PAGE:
WANNON MP Dan Tehan has called for a tightening of citizenship laws, saying people who “arrogantly flout” Australian values and sign up for terrorist campaigns should have their citizenship revoked.
Mr Tehan said Australian citizenship was not a right, but an “extraordinary privilege”, bringing with it the freedom of speech, association and religious belief.
“For those who enjoy our citizenship, there must be an acceptance of our core values; tolerance, pluralism and peace.”
He said Australians who joined terrorist organisations were seeking to destroy those very values.
Mr Tehan, who chairs the Joint Parliamentary Committee on Intelligence and Security, has called for new laws that would allow Australian authorities to remove the citizenship of terrorists, similar to rules introduced in the United Kingdom last year.
The laws mean UK citizens who join terrorist organisations can now lose their citizenship if they have acted in a way that is “seriously prejudicial to the vital interests” of the state, if removing their citizenship would be “conducive to the public good”, and if the government has “reasonable grounds” for believing they are able to become a citizen of another country.
Mr Tehan said a potential barrier for Australia was the legal question of whether the government would be making people “stateless”.
Australia is bound under the United Nations Convention on the Reduction of Statelessness not to create citizens who would be considered stateless.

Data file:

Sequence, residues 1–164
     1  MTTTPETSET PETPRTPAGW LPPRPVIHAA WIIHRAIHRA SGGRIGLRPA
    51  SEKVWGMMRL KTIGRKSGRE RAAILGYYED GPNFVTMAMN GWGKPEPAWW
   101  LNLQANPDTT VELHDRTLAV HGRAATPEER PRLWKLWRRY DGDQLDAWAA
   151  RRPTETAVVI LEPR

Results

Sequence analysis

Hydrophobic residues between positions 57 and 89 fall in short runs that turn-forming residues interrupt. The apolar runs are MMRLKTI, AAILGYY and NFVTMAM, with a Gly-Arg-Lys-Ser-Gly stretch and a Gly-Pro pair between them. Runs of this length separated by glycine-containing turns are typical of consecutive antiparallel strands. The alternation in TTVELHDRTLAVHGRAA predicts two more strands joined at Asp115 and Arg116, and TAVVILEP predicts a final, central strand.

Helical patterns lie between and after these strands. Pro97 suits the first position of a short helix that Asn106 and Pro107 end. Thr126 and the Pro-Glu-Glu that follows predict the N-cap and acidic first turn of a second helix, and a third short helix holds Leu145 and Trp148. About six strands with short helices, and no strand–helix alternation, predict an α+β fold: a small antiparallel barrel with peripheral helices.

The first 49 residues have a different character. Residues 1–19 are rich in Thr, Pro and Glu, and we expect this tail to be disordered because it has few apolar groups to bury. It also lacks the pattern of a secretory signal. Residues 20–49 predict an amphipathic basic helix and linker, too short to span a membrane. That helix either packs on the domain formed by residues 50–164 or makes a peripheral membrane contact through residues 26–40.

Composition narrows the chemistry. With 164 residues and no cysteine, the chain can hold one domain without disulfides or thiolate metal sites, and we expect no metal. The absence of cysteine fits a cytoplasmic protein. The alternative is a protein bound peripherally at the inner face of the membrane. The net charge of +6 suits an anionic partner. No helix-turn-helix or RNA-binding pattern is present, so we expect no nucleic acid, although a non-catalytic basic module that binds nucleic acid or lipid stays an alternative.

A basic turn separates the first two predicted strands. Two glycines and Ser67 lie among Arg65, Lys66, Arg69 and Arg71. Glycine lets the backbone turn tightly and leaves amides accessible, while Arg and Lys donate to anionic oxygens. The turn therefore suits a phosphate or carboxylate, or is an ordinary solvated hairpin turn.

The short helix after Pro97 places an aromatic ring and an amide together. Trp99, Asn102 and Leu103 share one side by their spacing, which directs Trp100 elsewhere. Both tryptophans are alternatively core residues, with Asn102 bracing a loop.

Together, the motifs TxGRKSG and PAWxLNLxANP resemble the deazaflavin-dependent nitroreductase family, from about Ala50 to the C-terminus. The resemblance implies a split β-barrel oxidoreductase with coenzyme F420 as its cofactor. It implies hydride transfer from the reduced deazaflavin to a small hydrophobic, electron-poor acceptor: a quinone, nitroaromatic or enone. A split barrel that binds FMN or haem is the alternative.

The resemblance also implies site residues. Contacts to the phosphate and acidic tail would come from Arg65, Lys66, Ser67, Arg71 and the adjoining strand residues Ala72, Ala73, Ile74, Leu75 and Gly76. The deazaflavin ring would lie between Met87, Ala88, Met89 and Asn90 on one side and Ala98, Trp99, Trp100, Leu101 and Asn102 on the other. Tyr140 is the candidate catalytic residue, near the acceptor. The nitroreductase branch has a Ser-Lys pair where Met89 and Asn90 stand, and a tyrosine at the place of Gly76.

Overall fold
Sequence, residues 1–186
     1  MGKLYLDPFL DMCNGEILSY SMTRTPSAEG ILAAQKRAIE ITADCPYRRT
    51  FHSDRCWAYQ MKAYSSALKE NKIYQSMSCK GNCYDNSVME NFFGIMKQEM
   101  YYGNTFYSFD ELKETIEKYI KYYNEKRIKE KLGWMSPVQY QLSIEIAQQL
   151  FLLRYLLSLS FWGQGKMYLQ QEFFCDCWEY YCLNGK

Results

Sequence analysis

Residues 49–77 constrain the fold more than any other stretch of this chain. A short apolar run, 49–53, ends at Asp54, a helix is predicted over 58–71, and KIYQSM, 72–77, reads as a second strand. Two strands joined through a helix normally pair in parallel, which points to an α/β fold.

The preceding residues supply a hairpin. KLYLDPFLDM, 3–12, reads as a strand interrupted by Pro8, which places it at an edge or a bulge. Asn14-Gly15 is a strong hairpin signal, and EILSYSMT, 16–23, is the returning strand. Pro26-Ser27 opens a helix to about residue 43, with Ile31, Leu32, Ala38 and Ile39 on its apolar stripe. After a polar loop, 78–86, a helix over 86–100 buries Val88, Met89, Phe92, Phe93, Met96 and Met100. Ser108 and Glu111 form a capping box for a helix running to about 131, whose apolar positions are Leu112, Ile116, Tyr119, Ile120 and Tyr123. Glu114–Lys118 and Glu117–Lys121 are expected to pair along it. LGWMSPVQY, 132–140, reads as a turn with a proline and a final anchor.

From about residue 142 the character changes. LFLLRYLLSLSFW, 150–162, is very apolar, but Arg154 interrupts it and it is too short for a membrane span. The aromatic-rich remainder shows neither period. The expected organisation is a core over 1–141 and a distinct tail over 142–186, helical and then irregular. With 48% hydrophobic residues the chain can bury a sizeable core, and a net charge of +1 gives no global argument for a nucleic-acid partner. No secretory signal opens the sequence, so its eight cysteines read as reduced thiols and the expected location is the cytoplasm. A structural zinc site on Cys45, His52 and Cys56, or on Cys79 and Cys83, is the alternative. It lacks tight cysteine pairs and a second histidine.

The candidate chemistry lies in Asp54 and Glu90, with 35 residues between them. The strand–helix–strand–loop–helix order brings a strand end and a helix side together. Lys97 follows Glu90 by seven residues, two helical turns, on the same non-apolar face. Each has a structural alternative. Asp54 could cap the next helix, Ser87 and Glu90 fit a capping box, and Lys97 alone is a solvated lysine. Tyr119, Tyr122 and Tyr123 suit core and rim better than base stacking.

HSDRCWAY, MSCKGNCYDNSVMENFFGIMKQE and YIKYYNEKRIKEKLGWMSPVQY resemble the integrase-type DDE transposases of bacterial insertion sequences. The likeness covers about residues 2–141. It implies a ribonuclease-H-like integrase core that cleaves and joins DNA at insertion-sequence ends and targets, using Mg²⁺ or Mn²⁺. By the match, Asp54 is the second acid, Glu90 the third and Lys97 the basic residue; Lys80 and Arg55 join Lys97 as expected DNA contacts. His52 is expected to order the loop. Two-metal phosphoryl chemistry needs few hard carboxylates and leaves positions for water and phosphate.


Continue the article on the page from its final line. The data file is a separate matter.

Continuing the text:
“Signing this treaty has limited our ability to deal with treason, which is the crime of those who join terrorist organisations,” Mr Tehan said.
“This potential problem was seen by a number of other countries including by the UK, New Zealand, France and Ireland, and all lodged notice with the UN at the time reserving the right to strip any individual of citizenship if they have acted against their country.”
He said the treaty was signed by the Whitlam government in 1973 without any reservation, meaning the UN charter contradicted Australia’s domestic laws on treason at the time.
“If we don’t clear it up, legally it will end up in the courts.
“We still have the ability to fix this. Brazil submitted a late declaration in 2009 that allowed them to reinforce their laws. Canada have also introduced similar laws and Norway are also looking at a similar thing.”
Mr Tehan said the aim was to lower the legal threshold for what could be termed making a person stateless.
“It’s something that would be used rarely but it could be used against those who literally want to destroy our way of life.
“Sadly, home-grown terrorism is now a reality. With the rise of social media and its use by hate preachers to groom young Australians, we need to use every tool available to deal with individuals who decide to act against us.
“I can’t talk about individual cases, but a couple of the really bad hate preachers could have their citizenship stripped if they left the country and the would not be able to return.”